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DVLA may force drivers to ‘surrender’ driving licence with elderly above 70 most at risk


The DVLA mandates that some motorists “must surrender their driving licence” if they have a possibly dangerous medical condition, according to experts. 

Specialists at comparison site Easyquote stressed motorists must meet the “necessary driving standards” to remain on the road. 

The law states that motorists must keep the DVLA informed of any medical conditions with over 100 problems potentially putting drivers at risk. 

Not every medical condition will require road users to stop driving but some could leave others at risk and lead to photocards being confiscated. 

Easyquote made the revelation as they revealed several ways road users could be caught out by DVLA fines this summer. 

They said: “Failing to report a medical condition could lead to a fine of up to £1,000, and drivers involved in accidents risk prosecution.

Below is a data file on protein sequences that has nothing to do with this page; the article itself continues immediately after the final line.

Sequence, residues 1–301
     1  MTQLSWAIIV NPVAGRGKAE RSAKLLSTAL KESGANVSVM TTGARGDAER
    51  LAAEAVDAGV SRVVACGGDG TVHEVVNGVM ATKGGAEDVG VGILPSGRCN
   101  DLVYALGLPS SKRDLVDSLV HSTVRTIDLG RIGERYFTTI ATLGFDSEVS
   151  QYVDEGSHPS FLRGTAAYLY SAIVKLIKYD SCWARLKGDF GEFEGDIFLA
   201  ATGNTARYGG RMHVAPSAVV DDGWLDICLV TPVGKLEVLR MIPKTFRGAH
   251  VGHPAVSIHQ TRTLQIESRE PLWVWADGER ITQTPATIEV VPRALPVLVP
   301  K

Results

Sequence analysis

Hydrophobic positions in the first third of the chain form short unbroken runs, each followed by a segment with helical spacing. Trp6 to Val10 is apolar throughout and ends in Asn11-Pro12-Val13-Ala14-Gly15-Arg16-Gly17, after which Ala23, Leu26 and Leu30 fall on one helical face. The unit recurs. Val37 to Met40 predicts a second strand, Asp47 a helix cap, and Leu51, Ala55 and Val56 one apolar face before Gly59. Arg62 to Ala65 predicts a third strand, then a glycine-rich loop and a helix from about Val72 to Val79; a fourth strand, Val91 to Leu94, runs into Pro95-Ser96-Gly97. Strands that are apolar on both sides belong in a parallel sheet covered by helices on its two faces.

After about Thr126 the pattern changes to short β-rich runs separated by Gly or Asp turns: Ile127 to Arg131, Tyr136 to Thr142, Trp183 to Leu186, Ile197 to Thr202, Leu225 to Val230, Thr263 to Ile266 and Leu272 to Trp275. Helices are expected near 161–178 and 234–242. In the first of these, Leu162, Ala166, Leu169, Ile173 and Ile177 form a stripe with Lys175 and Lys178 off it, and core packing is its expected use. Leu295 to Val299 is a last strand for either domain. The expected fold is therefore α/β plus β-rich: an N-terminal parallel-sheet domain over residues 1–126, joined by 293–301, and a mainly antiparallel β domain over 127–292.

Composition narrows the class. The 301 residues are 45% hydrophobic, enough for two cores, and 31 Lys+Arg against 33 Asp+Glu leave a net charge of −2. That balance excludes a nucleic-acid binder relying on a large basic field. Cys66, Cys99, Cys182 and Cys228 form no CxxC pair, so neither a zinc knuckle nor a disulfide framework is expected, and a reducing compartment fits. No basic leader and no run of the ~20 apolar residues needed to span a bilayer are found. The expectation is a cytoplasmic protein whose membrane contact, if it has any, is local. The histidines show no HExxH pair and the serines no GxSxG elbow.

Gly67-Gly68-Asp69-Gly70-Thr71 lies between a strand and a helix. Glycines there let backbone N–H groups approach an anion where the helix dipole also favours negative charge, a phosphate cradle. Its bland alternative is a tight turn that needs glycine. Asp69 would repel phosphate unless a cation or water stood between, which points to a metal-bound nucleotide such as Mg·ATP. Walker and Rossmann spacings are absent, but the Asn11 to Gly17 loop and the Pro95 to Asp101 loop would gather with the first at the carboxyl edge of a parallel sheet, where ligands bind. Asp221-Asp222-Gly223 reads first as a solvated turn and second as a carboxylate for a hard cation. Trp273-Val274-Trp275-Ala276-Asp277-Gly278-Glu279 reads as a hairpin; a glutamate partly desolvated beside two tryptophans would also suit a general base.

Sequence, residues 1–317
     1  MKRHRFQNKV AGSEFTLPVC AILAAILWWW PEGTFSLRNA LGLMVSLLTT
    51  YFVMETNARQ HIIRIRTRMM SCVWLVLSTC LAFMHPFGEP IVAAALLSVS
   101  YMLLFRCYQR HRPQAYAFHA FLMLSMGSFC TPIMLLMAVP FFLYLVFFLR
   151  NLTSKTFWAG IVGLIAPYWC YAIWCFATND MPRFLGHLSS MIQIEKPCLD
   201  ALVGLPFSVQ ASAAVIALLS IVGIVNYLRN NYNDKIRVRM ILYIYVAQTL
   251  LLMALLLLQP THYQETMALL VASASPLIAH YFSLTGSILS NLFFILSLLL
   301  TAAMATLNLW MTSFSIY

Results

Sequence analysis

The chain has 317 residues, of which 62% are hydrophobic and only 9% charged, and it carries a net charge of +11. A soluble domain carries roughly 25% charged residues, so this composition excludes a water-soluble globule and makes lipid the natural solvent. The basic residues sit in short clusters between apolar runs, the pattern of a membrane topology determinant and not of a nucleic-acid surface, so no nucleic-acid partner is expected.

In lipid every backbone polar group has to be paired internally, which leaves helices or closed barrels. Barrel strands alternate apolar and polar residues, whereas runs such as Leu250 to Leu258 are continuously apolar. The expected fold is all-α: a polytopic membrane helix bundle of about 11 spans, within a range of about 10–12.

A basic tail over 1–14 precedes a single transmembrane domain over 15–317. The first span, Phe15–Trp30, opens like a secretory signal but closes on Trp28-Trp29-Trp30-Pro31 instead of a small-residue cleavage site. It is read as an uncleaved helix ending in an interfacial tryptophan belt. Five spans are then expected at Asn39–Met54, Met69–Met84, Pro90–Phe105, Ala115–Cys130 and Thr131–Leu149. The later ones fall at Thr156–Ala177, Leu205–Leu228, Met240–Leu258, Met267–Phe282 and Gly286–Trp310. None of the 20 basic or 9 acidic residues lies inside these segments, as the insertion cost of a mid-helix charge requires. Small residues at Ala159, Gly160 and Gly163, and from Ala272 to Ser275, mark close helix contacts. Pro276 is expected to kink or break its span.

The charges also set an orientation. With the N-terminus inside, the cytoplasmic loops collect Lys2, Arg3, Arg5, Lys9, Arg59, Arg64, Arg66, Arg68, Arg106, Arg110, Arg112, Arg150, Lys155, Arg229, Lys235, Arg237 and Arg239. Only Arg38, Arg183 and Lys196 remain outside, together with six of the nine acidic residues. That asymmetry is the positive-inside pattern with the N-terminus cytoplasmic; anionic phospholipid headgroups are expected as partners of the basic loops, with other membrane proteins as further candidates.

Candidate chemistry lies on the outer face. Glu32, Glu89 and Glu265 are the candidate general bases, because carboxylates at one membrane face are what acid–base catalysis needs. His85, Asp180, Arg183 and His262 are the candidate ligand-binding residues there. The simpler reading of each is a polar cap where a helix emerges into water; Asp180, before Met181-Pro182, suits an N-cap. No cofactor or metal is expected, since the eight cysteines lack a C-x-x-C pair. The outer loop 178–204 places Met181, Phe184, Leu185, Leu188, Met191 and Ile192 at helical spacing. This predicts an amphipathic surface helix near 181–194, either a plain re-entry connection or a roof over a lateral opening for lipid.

“The DVLA maintains a comprehensive list of over 110 conditions that could impair driving abilities, which some motorists may not be fully aware of.

“Common conditions requiring disclosure include diabetes, vertigo, and sleep apnoea, among others listed on the DVLA website. 

“In severe cases, the DVLA mandates that drivers must surrender their licence if they do not meet the necessary driving standards.”

Last year, data from the DVLA revealed elderly road users suffered from more medical conditions than younger motorists.

Analysis of their casework statistics last Autumn showed road users over the age of 70 were the most impacted with over 16,000 people suffering from a single medical condition. 

Another 1,2000 have “multiple medical conditions”, more than any other age range on UK roads. 

Motorists can voluntarily surrender their licence if they feel a medical condition is causing concern on the roads. 

GOV.UK stressed that giving up driving through choice will “make it easier to reapply for a new licence” later down the line.

However, road users who do not voluntarily hand over a licence could be forced to in certain extreme cases. 

GOV.UK said: “DVLA will carry out medical checks to decide if you can continue to hold a driving licence. This can take several months and you will not be able to drive while they do this. If DVLA decides that it’s not safe for you to drive, your licence will be revoked.”

Easyquote has also warned road users could risk being caught out by failing to declare car modifications such as new spoilers and bodywork. 

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